Graduation Year


Date of Submission


Document Type

Campus Only Senior Thesis

Degree Name

Bachelor of Arts



Reader 1

Piercarlo Valdesolo

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Over the years, the body of research on the intergenerational transmission of parental conflict has significantly expanded. The presence of parental conflict has been proven to negatively affect the quality of children’s romantic relationships later in life. While some of existing literature has found no association between parental conflict and adolescents’ later intimate relationship development, most have suggested that intergenerational transmission of parental conflict does exist. Further, the effect on offspring is dependent on the type of marital conflict the parents engage in. For example, exposure to aggression has a different impact on adolescents’ later romantic relationships than does emotional dysregulation. Additionally, findings show a difference in how male children and female children are influenced, indicating gender-specific effects of exposure to marital conflict. Cross-cultural differences suggest that culture is a mediator variable in the association between parental conflict and adolescents’ intimate relationship development. This paper examines intergenerational transmission of parental conflict, explores the types of romantic relationship conflict that are transmitted, considers the variable of modeling, and discusses gender and cultural differences.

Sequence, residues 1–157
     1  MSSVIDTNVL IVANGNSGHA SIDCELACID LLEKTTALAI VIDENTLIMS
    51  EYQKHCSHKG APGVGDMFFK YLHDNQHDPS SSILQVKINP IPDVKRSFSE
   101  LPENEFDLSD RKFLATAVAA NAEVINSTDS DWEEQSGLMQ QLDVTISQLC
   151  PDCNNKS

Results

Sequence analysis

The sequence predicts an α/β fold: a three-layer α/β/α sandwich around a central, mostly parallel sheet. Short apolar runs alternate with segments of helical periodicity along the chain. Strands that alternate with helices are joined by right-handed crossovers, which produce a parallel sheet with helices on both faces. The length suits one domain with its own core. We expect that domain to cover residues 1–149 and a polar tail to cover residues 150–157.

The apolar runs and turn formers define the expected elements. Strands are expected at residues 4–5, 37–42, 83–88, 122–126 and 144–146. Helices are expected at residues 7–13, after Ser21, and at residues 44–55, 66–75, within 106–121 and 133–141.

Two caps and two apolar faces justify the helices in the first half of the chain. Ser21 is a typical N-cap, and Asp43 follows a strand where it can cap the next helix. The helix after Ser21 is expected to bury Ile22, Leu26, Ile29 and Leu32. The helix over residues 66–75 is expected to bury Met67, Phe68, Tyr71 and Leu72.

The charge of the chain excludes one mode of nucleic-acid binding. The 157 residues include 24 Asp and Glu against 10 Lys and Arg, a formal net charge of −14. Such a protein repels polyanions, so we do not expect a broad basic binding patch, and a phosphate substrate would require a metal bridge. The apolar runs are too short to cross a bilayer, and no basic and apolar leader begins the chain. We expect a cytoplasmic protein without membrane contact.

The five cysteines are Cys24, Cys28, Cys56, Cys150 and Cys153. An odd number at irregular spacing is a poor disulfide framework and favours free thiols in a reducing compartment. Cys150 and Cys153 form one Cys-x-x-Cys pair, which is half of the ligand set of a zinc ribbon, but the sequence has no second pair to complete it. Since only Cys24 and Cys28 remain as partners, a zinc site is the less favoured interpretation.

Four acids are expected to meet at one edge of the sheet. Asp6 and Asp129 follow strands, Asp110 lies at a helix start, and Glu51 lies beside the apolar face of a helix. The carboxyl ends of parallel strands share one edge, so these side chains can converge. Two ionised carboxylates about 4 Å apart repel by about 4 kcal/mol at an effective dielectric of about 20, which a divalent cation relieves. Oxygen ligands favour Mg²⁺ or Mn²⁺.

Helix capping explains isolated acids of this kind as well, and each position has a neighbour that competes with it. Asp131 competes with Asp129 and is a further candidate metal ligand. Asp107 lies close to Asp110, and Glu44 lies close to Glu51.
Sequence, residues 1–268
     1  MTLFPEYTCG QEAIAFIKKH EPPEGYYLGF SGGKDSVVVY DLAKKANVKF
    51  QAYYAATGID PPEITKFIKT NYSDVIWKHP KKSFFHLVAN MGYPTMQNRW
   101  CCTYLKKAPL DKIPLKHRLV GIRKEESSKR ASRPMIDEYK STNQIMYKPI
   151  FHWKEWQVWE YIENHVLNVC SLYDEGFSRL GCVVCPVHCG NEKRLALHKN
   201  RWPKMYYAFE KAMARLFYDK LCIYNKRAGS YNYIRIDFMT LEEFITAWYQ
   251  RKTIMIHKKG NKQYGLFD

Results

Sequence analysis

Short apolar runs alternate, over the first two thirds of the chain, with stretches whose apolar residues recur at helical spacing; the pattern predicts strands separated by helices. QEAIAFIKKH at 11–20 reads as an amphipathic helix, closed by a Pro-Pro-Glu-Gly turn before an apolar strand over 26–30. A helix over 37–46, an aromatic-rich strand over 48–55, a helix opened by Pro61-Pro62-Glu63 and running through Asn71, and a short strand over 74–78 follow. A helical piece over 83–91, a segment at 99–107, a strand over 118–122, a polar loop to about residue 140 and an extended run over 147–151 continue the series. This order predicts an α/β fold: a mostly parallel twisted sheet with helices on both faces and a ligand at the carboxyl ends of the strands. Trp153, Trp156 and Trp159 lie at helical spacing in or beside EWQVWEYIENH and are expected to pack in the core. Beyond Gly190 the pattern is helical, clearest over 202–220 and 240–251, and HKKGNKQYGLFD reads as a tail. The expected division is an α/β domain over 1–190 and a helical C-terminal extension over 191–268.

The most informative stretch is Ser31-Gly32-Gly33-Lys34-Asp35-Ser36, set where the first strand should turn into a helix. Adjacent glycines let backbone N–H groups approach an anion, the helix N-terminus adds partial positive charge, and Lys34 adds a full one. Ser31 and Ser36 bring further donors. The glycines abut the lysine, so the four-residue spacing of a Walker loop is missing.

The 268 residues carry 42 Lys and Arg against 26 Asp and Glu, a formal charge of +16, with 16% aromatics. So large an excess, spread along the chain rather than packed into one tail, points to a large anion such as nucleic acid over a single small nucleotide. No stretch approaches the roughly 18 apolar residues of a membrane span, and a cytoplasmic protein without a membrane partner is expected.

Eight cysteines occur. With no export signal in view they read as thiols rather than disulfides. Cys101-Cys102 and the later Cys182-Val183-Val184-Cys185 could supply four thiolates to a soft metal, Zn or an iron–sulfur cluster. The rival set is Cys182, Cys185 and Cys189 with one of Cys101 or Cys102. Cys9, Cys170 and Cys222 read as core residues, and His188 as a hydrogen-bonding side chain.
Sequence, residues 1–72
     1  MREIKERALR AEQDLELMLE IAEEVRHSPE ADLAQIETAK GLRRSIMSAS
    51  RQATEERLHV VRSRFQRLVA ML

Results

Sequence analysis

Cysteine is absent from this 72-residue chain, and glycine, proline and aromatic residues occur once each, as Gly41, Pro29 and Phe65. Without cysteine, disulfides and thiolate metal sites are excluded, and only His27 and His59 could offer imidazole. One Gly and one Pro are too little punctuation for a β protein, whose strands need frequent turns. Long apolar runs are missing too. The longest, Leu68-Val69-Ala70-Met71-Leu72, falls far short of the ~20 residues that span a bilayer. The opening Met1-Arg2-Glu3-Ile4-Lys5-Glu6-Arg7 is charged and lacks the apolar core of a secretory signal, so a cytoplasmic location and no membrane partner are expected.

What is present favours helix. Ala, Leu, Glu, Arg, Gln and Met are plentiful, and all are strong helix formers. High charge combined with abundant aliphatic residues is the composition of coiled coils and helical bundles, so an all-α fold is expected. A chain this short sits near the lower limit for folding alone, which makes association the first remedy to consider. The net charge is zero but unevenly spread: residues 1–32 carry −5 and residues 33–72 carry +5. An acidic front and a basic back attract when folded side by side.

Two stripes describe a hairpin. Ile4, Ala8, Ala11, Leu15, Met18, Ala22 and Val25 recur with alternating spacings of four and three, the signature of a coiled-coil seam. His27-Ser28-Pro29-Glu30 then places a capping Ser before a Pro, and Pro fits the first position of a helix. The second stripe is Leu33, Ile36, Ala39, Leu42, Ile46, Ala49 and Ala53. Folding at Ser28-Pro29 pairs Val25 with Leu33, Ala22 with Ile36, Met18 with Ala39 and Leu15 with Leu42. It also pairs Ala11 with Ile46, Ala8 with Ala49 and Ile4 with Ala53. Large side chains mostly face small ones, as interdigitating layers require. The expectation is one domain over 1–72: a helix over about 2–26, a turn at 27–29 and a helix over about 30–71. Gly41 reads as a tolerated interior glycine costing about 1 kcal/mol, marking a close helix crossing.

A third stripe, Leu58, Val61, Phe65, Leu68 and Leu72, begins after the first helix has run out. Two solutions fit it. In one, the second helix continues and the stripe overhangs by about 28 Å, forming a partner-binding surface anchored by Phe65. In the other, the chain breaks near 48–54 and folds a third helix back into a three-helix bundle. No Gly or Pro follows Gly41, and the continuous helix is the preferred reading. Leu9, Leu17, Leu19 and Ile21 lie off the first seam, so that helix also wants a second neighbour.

This thesis is restricted to the Claremont Colleges current faculty, students, and staff.